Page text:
With the rapid emergence of digital devices, an unstoppable, invisible force is changing human lives in ways from the microscopic to the gargantuan: Big Data, a word that was barely used a few years ago but now governs the day for many of us from the moment we awaken to the extinguishing of the final late-evening light bulb. This massive gathering and analyzing of data in real time is allowing us to not only address some of humanity biggest challenges but is also helping create a new kind of planetary nervous system. Yet as Edward Snowden and the release of the Prism documents have shown, the accessibility of all these data comes at a steep price. The Human Face of Big Data captures the promise and peril of this extraordinary knowledge revolution.
In a celebration of the trans community in Puerto Rico, the fissure between internal and external is an ever-present battle. A unique exploration of self-discovery and activism, featuring a diverse collection of subjects that include LGBTQ advocates, business owners, sex workers, and a boisterous group of drag performers who call themselves The Doll House, Mala Mala portrays a fight for personal and community acceptance paved with triumphant highs and devastating lows.
Programming prodigy and information activist Aaron Swartz achieved groundbreaking work in social justice and political organizing. His passion for open access ensnared him in a legal nightmare that ended with the taking of his own life at the age of 26.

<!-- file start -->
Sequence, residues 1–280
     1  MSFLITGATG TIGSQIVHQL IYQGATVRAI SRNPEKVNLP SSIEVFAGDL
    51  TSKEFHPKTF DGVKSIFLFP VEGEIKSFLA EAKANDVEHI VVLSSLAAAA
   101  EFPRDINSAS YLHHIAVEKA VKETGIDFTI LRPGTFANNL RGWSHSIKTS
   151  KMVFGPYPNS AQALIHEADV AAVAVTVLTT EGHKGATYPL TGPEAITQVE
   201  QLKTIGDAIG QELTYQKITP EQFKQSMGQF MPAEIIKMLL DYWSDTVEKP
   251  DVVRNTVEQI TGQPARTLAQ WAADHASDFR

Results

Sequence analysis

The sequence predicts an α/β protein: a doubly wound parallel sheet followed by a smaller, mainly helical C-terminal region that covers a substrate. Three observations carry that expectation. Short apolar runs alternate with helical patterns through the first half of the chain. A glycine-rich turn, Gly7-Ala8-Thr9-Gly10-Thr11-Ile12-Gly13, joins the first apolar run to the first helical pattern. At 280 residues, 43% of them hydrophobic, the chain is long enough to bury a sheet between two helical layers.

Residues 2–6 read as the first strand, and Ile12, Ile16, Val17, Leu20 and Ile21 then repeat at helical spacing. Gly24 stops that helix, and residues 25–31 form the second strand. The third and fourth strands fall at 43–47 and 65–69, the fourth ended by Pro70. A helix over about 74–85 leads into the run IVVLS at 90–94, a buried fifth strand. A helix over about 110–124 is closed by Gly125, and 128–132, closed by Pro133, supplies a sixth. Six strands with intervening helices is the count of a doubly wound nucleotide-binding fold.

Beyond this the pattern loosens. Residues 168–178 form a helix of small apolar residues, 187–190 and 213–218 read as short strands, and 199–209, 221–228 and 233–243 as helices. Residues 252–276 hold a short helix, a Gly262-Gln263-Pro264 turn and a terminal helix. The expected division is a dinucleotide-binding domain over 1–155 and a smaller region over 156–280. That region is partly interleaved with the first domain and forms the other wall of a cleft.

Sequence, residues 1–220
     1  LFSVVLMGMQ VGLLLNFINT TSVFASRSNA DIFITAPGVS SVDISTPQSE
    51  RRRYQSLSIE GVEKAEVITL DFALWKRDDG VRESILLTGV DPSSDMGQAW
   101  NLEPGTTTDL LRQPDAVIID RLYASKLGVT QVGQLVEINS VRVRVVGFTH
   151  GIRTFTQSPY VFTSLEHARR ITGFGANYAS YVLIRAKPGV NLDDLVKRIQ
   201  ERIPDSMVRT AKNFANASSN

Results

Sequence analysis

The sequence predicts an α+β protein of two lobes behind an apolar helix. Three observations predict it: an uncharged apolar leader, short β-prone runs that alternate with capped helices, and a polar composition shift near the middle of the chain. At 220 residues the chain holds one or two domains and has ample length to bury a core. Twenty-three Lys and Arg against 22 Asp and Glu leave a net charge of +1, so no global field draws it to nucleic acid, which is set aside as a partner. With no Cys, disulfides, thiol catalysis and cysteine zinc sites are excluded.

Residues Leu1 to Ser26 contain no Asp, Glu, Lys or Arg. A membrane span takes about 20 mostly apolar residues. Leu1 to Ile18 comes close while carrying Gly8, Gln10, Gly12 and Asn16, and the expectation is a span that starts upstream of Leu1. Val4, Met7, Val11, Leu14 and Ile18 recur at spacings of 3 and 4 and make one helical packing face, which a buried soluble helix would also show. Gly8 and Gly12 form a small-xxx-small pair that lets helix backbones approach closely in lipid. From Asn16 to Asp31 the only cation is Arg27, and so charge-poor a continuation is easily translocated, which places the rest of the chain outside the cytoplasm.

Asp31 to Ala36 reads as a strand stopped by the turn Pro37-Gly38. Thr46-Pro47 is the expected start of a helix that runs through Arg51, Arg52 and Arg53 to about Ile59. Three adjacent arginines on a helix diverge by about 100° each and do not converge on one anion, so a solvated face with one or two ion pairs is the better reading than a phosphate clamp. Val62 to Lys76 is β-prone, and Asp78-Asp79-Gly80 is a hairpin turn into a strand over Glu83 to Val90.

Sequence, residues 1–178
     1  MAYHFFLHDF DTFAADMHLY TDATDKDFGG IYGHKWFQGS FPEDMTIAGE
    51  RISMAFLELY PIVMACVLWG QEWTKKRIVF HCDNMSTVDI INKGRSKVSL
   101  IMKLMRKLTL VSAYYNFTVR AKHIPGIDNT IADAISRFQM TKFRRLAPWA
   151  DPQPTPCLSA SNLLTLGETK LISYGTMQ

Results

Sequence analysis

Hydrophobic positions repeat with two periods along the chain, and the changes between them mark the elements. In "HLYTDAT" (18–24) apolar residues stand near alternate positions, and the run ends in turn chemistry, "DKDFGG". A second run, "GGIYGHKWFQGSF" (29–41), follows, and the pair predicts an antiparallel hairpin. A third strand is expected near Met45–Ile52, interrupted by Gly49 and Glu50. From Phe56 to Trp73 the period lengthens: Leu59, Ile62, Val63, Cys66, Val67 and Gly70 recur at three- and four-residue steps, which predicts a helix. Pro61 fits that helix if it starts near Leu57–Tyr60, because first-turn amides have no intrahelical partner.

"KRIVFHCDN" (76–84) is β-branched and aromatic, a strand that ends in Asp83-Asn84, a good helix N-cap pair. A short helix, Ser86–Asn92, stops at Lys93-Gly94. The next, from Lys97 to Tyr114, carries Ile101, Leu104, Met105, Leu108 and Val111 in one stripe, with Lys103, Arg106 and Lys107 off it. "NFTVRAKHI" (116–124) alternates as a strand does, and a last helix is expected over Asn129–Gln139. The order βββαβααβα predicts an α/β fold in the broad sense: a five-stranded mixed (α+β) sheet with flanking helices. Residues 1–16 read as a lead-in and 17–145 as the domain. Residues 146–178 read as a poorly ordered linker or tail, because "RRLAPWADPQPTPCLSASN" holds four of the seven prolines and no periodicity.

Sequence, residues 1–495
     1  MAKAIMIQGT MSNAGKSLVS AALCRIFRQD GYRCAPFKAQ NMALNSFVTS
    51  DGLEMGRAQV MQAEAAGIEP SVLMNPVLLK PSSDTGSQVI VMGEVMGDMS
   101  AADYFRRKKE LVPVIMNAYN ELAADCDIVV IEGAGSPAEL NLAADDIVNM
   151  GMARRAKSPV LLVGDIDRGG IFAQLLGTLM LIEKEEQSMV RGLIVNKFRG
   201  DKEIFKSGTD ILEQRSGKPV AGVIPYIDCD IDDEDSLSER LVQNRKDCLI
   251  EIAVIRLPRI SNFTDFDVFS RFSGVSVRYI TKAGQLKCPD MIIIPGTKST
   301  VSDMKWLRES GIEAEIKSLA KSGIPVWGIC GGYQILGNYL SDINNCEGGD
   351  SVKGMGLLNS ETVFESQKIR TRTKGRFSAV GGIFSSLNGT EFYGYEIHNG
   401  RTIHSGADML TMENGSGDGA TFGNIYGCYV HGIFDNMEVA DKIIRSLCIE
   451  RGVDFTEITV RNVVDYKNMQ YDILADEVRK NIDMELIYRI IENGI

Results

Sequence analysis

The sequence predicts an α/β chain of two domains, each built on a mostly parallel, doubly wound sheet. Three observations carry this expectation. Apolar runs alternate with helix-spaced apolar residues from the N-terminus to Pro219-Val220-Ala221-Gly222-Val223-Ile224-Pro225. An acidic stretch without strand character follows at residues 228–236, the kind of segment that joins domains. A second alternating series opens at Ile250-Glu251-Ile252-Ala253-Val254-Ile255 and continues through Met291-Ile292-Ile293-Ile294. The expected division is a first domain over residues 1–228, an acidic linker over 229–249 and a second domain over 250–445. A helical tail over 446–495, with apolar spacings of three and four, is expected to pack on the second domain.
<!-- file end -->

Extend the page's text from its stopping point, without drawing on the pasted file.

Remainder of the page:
The Collective Evolution III is a powerful documentary that explores a revolutionary shift affecting every aspect of our planet. As the shift hits the fan, people are becoming more aware of the control structures that prevent us from experiencing our full potential. CE3 uses a different level of consciousness and scientific facts to bring clarity about the shift while dispelling myths about our true nature. It offers practical steps that we can implement right now to transition out of survival mode and into our more natural state of peace and co-operation . CE3 includes fascinating interviews with revolutionary speakers and people who are already opting out of the current socioeconomic system. The film examines hidden technologies and exciting alternatives for a bright limitless future.
Documentary filmmakers assert that Anthony Porter – a former death-row inmate who was spared the death penalty thanks to the efforts of a college journalism program – was actually guilty, and an innocent man was sent to prison.